Microbial analysis of 1140 visibly damaged samples of building material, viz. wood, paper, non-wooden building boards, ceramic products, mineral insulation materials, paints and glues, and plastics confirmed that microbial growth occurs in many different building materials and showed associations between fungal genera and type of material. The range of fungi and bacteria numbers was between 100-108 cfu g-1 in all materials, but significant differences in counts were observed between materials. Highest median concentrations of fungi were observed in wooden and paper materials, and lowest in mineral insulation, ceramic products, and paints and glues. A rich variety of fungi was found in wooden materials, with Penicillium and yeasts occurring most frequently. In paper materials, a clear difference from wood was the more frequent occurrence of Cladosporium and Stachybotrys. In gypsum boards, Stachybotrys was common, occurring in 30% of the samples. Ceramic products and paints and glues seemed to favour Acremonium and Aspergillus versicolor. Yeasts and members of the Sphaeropsidales occurred often in parallel in most materials.

Cell viability and production of inflammatory mediators
The particle material collected from the indoor air of the renovated school was less cytotoxic in raw264.7 macrophages than that collected before the renovation. Moreover, a similar change in the biological activity of the airborne particle sample before and after renovation was observed as production of nitrite and proinflammatory cytokines il-6 and tnf-alpha in the macrophages.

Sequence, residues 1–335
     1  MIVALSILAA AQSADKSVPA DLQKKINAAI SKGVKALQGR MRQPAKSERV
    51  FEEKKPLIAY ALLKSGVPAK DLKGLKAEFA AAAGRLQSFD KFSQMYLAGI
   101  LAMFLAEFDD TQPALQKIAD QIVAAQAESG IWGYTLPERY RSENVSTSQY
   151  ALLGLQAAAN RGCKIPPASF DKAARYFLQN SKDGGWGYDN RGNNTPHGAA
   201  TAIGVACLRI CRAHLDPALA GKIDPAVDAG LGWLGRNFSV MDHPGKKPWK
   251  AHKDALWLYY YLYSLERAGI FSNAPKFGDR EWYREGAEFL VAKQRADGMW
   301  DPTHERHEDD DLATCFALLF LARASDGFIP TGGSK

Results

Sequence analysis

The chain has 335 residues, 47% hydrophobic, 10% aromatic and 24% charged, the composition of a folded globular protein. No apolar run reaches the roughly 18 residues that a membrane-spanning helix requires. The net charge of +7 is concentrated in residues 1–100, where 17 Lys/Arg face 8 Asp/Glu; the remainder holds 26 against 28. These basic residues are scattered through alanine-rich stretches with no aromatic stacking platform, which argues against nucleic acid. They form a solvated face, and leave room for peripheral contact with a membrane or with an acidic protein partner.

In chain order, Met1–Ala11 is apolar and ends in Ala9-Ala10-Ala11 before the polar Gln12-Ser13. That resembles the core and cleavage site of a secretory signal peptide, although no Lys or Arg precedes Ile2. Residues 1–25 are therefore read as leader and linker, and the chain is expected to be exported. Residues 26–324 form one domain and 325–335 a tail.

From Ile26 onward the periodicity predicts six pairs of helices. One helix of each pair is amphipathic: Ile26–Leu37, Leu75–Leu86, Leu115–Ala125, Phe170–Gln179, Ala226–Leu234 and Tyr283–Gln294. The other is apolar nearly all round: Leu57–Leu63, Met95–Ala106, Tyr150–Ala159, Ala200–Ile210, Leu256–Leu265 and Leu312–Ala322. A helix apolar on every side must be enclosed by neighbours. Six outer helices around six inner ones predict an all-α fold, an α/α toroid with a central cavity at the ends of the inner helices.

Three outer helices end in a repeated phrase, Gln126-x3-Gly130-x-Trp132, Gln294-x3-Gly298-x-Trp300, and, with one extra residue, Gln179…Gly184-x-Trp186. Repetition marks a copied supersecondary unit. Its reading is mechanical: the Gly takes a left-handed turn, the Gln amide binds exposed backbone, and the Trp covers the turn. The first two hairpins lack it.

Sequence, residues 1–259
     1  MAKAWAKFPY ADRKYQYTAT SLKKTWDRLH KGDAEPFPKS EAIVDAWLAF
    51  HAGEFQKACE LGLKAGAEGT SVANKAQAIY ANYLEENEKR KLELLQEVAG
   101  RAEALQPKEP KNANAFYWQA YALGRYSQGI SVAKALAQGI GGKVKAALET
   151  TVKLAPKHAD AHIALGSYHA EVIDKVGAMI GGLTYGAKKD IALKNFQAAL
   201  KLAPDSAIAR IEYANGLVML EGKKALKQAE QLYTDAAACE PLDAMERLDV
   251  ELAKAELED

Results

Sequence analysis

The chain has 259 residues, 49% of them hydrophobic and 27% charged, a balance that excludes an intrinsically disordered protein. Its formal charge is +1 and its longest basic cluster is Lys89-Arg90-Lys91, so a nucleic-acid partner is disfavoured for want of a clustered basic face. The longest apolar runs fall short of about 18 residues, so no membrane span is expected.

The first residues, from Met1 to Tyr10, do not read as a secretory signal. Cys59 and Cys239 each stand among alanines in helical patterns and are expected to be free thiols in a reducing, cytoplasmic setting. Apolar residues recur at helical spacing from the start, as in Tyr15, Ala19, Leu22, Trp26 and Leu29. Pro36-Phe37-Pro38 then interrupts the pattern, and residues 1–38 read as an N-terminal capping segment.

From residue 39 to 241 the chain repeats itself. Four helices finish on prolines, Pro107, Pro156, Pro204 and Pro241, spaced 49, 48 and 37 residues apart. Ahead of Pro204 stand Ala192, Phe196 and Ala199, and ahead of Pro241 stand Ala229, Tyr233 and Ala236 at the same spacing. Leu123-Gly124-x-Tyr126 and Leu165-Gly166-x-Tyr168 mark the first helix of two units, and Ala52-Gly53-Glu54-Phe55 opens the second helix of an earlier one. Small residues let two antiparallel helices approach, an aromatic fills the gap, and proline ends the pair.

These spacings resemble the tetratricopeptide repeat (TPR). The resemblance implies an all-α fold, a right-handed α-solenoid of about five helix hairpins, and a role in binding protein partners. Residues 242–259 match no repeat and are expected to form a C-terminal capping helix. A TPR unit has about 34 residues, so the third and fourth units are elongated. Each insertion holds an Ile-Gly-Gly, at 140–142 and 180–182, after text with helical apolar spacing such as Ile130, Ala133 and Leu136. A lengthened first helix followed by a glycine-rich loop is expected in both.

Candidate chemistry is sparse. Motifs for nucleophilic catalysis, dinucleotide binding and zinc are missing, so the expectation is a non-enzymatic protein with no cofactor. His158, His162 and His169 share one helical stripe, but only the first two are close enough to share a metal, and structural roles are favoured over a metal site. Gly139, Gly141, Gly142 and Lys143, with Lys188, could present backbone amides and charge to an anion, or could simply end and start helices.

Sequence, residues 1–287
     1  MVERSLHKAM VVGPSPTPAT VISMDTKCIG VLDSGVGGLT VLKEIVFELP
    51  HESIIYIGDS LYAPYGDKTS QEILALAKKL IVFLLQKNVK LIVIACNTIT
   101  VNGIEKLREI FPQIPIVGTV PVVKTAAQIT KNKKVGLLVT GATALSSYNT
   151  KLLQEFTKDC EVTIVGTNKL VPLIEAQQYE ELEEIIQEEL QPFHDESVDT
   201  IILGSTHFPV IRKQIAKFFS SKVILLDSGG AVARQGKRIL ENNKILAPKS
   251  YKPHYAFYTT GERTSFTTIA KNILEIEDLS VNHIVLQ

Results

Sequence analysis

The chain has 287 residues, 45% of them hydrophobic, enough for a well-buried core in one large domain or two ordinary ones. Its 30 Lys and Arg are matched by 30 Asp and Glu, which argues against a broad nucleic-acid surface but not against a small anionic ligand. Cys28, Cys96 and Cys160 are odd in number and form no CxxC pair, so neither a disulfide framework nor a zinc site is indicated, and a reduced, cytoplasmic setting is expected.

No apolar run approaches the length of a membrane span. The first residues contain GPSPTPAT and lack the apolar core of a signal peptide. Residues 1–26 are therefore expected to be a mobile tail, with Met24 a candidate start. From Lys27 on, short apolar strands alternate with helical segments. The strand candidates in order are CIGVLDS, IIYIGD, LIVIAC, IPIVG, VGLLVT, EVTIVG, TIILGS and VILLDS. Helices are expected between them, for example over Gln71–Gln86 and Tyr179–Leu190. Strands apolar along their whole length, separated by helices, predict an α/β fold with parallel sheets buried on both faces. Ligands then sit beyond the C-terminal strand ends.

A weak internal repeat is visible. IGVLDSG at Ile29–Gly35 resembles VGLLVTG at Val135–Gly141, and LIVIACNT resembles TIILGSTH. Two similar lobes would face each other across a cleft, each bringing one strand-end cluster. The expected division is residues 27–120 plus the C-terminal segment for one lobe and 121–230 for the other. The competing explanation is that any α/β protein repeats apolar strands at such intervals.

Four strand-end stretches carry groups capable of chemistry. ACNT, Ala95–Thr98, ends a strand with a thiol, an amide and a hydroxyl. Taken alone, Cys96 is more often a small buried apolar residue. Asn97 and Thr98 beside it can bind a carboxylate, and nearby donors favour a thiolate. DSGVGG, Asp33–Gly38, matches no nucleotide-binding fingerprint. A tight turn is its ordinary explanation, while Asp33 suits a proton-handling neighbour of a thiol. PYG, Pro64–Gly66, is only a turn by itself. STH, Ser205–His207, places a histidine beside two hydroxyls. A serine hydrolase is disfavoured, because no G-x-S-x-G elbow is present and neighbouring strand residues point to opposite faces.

Repairs of moisture and mold damage
After a thorough renovation in the intervention school, a significant decrease in mean concentrations of viable airborne fungi (p=0.002) was seen. GMs of total concentration of airborne fungi decreased after renovation from 22.6 cfu/m3 to 6.3 cfu/m3, and there was no difference compared to the reference school. Successful effects of the renovation were also seen as lower number of different microbial genera or species or groups and higher frequency of samples with low levels (<20 cfu/m3) of viable fungi. In the other intervention school with only partial repair of moisture damage, no decrease in microbial levels was observed.

In the intervention study, differences in symptom prevalence between the damaged school and its reference school were significant for 10 symptoms out of 12 before the renovation of the damaged school. After the thorough renovation, a significant decrease in all other symptoms but general symptoms was seen (Figure 1). The differences in prevalence between the intervention and reference school disappeared.

 


Figure 1. The proportions of schoolchildren with respiratory and other symptoms in the intervention school before and after thorough repairs.

In the intervention school with minor, uncompleted repairs, the prevalence of hoarseness and general symptoms i.e. fatigue, headache and difficulties in concentration was significantly higher than in its reference school at the beginning of the study, and no changes in these prevalences were seen after the repair measures in the index school. Only the prevalence of rhinitis (spring term), sore throat (spring term) and cough with phlegm (spring term) were lower than before preliminary repairs.